Dale Russakoff – Shomrei’s Mensch-in-Chief


In 1994, Dale Russakoff moved to Montclair with her husband, Matt Purdy, a reporter at the New York Times, and their two sons, Sam and Adam. She worked as a reporter for the Washington Post in their New York office. Soon after arriving in town, the Purdy/Russakoff family was greeted by Judy Post, Neal Yudkoff, and their daughter, Sunny, neighbors who live immediately behind them in their neighborhood. This connection was meaningful and reinforced the family’s interest in becoming part of the Shomrei community. They joined the synagogue, signing Adam up for the Shomrei nursery school. Dale remembers their first Rosh Hashanah in Montclair when she saw Neal addressing the congregation as its president. Participating in the services  helped the family feel part of Shomrei.

Dale shared that being an involved member of the community is an expression of her Jewish identity, an experience that she had as a child in her synagogue in Birmingham. It was important to her that she and her family find opportunities to volunteer at Shomrei. One of their first experiences was helping with hosting homeless families at the synagogue under the aegis of the Interfaith Hospitality Network. Through the initiative of its rabbi, Joshua Chasin, Shomrei began participating in this initiative in the early 1990’s as a charter member of the Essex County chapter of the IHN and has continued under its role under our lay leadership until present.


Dale remembers going with her sons to spend time with the families housed at our synagogue through IHN. It made a profound impact on her boys, with Adam at age four speaking with his mother about what it was like to not have a home. Adam and Sam have both continued to engage with children, Sam through entering the field of education and Adam in volunteering with youngsters through Shomrei during his school years and continuing to do so until present.  Dale remained an active volunteer in the IHN program at Shomrei, and in 2005, she became responsible with Shirley Grill for coordinating the bi-annual hosting of the homeless families.

Dale also became active in the Mensch Squad as well. This committee was initially started in the 1990’s through congregant initiative. It helped link Shomrei volunteers to congregants who needed support in times of need, such as rides to medical appointments and meals when people were ill or had suffered a loss.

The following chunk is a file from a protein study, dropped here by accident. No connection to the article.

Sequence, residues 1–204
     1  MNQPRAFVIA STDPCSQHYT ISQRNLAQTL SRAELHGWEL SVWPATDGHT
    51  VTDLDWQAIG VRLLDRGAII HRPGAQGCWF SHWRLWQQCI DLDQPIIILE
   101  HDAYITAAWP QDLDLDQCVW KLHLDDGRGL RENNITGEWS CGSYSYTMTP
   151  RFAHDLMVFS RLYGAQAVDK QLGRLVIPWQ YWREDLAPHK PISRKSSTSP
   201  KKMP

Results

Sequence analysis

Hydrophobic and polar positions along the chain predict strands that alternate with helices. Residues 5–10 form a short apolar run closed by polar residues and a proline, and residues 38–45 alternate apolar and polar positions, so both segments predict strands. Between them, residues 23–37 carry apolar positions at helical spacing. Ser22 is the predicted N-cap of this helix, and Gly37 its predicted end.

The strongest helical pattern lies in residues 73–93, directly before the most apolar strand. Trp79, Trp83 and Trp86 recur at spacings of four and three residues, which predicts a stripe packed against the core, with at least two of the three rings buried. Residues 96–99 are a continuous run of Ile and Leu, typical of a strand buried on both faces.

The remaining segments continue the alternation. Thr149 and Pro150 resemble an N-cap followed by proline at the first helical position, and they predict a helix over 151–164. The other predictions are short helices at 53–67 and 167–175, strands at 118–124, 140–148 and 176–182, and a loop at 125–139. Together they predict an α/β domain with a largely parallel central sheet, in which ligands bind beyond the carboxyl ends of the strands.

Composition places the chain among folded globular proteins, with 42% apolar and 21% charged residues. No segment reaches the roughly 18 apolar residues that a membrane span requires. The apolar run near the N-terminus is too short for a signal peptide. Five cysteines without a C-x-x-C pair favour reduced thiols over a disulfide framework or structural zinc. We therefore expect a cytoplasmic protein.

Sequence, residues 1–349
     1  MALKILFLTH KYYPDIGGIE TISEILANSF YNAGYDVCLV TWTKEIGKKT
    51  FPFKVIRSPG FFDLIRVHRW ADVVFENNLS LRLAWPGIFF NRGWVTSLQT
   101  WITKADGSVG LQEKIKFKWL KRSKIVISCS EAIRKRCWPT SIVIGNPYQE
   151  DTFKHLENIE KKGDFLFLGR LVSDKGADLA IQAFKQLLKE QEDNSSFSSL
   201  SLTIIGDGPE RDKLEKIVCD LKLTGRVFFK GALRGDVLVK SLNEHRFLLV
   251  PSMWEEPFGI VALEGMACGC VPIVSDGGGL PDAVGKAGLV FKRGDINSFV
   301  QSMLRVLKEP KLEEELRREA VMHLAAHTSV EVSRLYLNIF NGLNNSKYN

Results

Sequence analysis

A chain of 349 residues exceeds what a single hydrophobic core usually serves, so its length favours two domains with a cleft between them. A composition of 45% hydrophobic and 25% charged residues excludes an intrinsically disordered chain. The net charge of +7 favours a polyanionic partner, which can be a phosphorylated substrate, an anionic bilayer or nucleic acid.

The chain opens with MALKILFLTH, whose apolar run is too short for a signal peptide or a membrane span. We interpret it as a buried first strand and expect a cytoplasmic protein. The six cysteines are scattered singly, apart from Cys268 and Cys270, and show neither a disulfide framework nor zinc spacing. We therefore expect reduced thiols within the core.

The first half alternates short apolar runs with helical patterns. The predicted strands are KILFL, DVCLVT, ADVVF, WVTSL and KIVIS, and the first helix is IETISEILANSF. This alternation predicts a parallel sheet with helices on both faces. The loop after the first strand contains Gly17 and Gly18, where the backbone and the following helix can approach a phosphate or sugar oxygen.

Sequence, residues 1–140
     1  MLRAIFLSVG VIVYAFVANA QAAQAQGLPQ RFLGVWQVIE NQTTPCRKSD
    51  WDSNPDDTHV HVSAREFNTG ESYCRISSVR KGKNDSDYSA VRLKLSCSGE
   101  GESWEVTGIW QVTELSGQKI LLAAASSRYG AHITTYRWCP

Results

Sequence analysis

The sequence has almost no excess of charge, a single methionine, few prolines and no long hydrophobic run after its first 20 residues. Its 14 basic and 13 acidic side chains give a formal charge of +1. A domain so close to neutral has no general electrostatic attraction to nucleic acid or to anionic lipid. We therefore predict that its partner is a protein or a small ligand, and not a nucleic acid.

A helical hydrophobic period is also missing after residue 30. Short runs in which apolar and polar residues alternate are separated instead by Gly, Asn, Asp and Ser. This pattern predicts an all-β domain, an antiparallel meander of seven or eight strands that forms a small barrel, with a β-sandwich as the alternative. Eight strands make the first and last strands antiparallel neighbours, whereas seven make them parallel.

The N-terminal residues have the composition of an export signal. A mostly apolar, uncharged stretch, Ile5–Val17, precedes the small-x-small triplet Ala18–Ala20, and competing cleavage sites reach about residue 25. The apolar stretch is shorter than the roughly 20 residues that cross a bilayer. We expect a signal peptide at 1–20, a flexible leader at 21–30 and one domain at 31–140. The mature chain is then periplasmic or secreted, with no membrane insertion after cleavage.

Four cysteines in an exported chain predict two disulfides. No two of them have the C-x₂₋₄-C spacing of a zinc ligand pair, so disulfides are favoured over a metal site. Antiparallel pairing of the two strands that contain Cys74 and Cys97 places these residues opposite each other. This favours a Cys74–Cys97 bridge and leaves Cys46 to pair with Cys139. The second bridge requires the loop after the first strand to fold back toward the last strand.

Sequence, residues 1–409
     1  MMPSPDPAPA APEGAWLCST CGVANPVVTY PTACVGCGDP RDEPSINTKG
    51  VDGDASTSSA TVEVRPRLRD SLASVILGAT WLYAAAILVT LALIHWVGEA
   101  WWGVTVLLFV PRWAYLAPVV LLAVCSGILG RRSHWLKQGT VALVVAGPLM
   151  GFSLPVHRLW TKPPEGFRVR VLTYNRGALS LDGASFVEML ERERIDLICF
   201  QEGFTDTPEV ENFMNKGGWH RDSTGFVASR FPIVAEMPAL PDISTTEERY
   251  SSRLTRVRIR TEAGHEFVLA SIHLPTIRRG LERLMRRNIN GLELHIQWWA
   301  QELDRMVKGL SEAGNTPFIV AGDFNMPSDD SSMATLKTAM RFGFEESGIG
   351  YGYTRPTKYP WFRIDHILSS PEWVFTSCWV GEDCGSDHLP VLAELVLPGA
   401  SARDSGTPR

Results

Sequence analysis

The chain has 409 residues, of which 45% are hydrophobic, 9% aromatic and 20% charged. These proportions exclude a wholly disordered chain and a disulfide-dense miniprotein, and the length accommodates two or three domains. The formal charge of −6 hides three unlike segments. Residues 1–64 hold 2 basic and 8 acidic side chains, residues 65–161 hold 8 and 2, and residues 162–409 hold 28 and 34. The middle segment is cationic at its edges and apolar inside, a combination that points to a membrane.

1239827_2021139971546_1927825870_nThe coordinators of the Mensch Squad immediately responded to Dale’s willingness to help. She was initially asked to reach out to an older congregant. Over time, Dale provided support to this person in a wide range of ways, such as helping with some daily tasks as well as with regular contact through calls and visits and at times connecting with the congregant’s family who lived out of town. Dale also continued to volunteer in other capacities with the Mensch Squad as well.

In 2008, Dale’s professional responsibilities changed. She transitioned from working for the Washington Post to being an independent journalist and writer. With some greater flexibility, Dale began to take a greater role in community activities, such as IMANI, which gives support to Montclair students to fulfill their academic potential and pursue the goal of a college education.

It was around this time that Dale took on the role of coordinating the Mensch Squad. She found that as technology improved, she took advantage of tools, such as the internet to more easily  reach volunteers and meet the expanding needs of the Shomrei community. Dale has seen that both the volunteers and the recipients of the assistance have benefited from the mutual support being provided.

10629717_2286446124034_7132071526616623257_nDale had wonderful role models and inspiration for her community involvement in her parents.  They were both community activists in Birmingham, Alabama in the 1960’s as she was growing up. Mrs. Russakoff was involved in helping a Black college in Birmingham in its becoming a credentialed institution of higher learning at a time that there were still obstacles in the way of this being realized. As a result of this experience, her mother became more involved in local politics, which led the election of the first African American mayor in Birmingham. Dr. Russakoff, a well respected pulmonologist, was a pioneer in bringing to the attention of the city, then the state and the country, the severe health dangers of industrial pollution on the citizens who lived in vicinity of plants such as U.S. Steel.

In addition to her good works at Shomrei, Dale is the author of, The Prize: Who’s in Charge of America’s Schools?, which was published in September 2015. She continues to write as an independent journalist.

Join us as Shomrei Celebrates: Dale Russakoff and the Mighty Volunteers of the Mensch Squad and IHN.


Dinner and Festivities March 3, 7:30pm at Shomrei.
Information and Tickets


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